Although the hospitalization rate of group C (SpO2, 95%–96%) was only 10%, this hospitalization rate was 2.2 times higher than that of group B (SpO2, 97%–98%), and 2.8 times higher than that of group A (SpO2, 99%–100%). In addition, the hospitalization rate in group D (SpO2, ≤94%) was approximately 40%, which was 4 times higher than that in group C. Taken together, these findings suggest that a patient's oxygen saturation may help predict the severity of a condition, and also underscore a need for closer patient observation. Accordingly, if a patient is not living at a high altitude, an SpO2 of 95% to 96% should not be dismissed as “nonurgent” in the setting of pediatric emergencies. Of note, in this study, although there was a statistically significant difference in the RR, there was no clinically significant difference in the RR between the groups with SpO2 95% to 96% and 97% to 100%. In contrast, the HR in the group with SpO2 95% to 96% was significantly higher than in the group with SpO2 97% to 100%, both statistically and clinically.

A recent retrospective cohort study reported that oxygen saturation of 95% to 96% is adequate for children who are admitted in hospital; however, it was reported that these values are associated with respiratory infection of the airway, pulmonary, or cardiovascular systems.[12] The same was also considered from the ratio of diseases hospitalized in the 95% to 96% group in this study. Previous reports have suggested that an SpO2 ≤95% is abnormal and requires intervention, particularly in patients with pneumonia or asthma.[1,4] Moreover, 1 study suggested that an SpO2 ≥97% is common in healthy school-aged children.[3] Despite these reports, a global standard value for SpO2 in children has not been established.[1] Normal values for SpO2 have recently been reported in various populations.[1,5–7] An SpO2 ≥97% was reportedly normal in a study performed in Hawaii,[5] whereas an SpO2 of 98.5% was considered the reference value for children aged 1 month to 5 years in India.[6] In Papua New Guinea, the median SpO2 was 98% (95% CI 97.5%–98.0%) for 5-year-old children.[7] In the United States, the mean SpO2 was 98.7% (95% CI 98.6%–99.8%) for children aged 5 to 15 years old.[1] Therefore, an SpO2 of 95% to 96% in school-aged children living at sea level should not be dismissed as a “nonurgent” presentation, but instead understood as a condition that has clinical significance for the pediatric emergency care setting. There have been some documented reports demonstrating a decrease in mean oxygen saturation and HR with increasing altitude.[13,14] For this reason, the findings of the present study are relevant only at sea level.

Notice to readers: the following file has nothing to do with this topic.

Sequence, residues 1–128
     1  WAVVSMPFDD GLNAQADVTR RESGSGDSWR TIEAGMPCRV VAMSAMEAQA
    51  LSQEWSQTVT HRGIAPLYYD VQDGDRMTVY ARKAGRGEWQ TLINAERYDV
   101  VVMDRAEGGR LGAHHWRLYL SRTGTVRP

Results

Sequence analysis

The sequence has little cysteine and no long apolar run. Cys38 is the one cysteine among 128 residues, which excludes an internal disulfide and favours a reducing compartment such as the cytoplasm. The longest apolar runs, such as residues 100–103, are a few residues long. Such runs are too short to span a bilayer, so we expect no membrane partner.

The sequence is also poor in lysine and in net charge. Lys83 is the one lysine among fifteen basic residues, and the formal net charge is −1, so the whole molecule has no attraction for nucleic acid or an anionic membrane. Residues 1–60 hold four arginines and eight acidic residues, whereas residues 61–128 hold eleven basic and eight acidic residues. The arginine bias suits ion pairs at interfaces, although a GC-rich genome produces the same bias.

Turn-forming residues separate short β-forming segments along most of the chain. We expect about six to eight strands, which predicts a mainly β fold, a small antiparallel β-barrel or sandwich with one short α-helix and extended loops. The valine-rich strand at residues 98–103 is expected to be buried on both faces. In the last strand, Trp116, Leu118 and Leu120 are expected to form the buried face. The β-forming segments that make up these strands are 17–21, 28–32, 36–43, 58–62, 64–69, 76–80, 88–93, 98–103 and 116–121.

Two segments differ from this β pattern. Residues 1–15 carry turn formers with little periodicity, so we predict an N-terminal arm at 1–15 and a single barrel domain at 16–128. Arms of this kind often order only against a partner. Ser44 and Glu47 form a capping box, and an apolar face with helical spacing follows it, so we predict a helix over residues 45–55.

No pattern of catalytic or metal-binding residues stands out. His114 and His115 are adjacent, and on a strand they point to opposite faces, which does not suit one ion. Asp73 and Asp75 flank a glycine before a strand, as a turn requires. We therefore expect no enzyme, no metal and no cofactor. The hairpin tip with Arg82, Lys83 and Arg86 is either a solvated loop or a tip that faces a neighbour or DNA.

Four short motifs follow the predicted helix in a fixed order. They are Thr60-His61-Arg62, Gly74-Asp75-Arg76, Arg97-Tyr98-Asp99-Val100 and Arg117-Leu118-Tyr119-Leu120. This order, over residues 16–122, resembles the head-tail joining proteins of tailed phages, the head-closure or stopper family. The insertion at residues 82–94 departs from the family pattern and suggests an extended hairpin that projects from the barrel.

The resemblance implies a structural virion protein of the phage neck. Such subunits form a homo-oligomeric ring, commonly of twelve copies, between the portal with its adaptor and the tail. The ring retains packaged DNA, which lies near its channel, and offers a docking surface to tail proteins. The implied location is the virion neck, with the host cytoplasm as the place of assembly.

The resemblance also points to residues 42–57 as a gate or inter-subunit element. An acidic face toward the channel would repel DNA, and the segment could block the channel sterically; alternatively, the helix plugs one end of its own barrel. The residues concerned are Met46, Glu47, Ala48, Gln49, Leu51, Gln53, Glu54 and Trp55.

The present study has some limitations. First, this was a retrospective study conducted in a single center. Therefore, selection bias could be present. Moreover, because our hospital is an emergency hospital, treatment and hospital bias could also exist. Second, it is difficult to evaluate vital signs in children due to their tendency of becoming emotional and restless, both of which can result in HR and RR fluctuations. Therefore, standardized measurement methods are needed, and also future prospective studies to record and analyze the response and time to response for saturation level. Finally, we did not study relationships between saturation and specific disease types or compare these with changes in HR and RR. Therefore, future studies are warranted to evaluate these potential relationships.

This is the first known study of the relationship between oxygen saturation levels and adverse events in pediatric emergency patients with normal body temperature at sea level. We demonstrated that the RR, HR, and hospitalization rate were significantly higher in school-aged children with an SpO2 of 95% to 96% compared with those with an SpO2 of 97% to 100%. These results suggest that an SpO2 of 95% to 96% should not be dismissed as nonurgent. Instead, careful review of HR and RR should be conducted to facilitate timely assessments and interventions, thereby decreasing the associated healthcare costs. Furthermore, by understanding early signs of vital sign destabilization among school-aged children, the quality of triage decision-making could be improved.